ALBANESE: Well, I don’t think she was an appropriate appointment. And I think the way that that committee was established, with a deal essentially between the Government and Pauline Hanson, to have a Chair and a Deputy Chair excluding the Labor Party. Pauline Hanson doesn’t have any Members of the House of Representatives. And there’s a couple of Senators. The way that Parliament works, and parliamentary committees work, generally is that you have representation from the Government, have the Chair and the Opposition will have the Deputy Chair. That’s a way in which you ensure that a committee works properly and that is not seen as just a political deal. And I made comments at the time, which is why we very clearly opposed that at the time. Because we didn’t think things like family law, we shouldn’t try to play partisan politics with it. What we need to do is look at facts. If there are issues, try and come up with solutions. But these are complex issues when we deal with families and family breakups. And what we need to do is to make sure that we get common sense solutions to any issues which arise.

JOURNALIST: So, do you think that she should be removed now?

ALBANESE: Well, the Parliament elects people. So, I have made my position clear in terms of the establishment of the committee and the way that it was established.

JOURNALIST: Is enough being done for underprivileged children with you visiting a school in WA today. Can you talk us through what you think more needs to be done and your own experiences?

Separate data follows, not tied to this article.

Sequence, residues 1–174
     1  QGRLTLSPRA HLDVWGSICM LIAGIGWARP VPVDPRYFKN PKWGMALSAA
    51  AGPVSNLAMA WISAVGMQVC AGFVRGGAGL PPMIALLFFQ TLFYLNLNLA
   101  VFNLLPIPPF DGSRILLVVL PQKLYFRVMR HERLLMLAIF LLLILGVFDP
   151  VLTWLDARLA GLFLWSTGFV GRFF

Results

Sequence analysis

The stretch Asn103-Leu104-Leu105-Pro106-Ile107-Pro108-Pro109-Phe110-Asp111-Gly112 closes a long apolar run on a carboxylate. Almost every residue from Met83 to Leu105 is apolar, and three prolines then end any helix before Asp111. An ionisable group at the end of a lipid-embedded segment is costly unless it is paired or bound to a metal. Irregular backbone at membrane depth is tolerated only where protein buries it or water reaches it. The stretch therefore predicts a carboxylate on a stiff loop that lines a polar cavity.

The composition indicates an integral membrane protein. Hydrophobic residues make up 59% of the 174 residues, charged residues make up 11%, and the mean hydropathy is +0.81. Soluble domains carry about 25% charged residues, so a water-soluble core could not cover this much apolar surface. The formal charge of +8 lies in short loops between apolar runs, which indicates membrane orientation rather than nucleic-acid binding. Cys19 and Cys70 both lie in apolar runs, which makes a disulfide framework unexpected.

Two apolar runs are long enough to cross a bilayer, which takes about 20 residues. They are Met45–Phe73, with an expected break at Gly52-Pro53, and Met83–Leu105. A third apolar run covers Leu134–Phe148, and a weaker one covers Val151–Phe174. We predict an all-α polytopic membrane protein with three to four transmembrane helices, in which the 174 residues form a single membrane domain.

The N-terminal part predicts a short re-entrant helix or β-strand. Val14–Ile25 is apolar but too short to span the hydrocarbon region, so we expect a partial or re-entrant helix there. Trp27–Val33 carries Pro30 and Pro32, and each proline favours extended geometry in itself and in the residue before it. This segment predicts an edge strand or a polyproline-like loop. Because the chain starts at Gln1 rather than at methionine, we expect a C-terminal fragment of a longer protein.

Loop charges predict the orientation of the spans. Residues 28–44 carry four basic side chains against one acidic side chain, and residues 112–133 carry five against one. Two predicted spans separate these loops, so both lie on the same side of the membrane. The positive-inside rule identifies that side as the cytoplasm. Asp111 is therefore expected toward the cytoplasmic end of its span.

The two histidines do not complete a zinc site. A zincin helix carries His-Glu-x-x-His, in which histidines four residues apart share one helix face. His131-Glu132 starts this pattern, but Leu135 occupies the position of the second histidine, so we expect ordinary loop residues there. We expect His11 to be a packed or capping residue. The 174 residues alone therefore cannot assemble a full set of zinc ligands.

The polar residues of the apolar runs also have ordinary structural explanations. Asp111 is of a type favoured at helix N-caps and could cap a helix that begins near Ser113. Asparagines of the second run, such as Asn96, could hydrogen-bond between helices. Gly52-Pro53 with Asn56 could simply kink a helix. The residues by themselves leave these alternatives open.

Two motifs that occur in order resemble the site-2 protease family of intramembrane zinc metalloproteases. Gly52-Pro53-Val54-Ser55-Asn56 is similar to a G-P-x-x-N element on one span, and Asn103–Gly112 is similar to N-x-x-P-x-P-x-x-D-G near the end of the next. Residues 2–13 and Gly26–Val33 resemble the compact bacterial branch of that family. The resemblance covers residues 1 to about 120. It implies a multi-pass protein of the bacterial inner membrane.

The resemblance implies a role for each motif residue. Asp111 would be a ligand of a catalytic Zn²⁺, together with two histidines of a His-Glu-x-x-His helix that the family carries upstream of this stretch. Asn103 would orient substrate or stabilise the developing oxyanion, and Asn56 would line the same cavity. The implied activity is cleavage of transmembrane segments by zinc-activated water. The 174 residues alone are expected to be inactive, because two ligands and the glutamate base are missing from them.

ALBANESE: Well, I think one of things we need to do is to target poverty in this country. There’s far too many kids growing up in poverty. And what that leads to is intergenerational poverty and intergenerational disadvantage. I see education as the key to creating opportunity. And the big difference between approaches to education, you can see it as creating opportunity, or you can see it as entrenching privilege. If you just leave it to the market, it just entrenches privilege. So, the kids who can afford the most, to go to the best schools, get the best results and therefore get the best opportunity in life. I’ll be quite excited to have a look at the college where I’m going today. There are great examples whereby the right principal, the right teachers, and the right approach can really make a difference, particularly when they work with the community. What we need to do is to identify best practice and replicate it and identify worst practice as well and eliminate it. That’s the key. And education is so important. I think it’s unfortunate that the Government didn’t match Labor’s commitment to early childhood education. I know that, for example, as well, the work that the McGowan Government has done in reducing TAFE fees for targeted areas as well as another way in which you can really make a difference in education. And that stands in stark contrast to the cuts that have occurred under the Coalition, both Federally and here in WA. Thanks very much.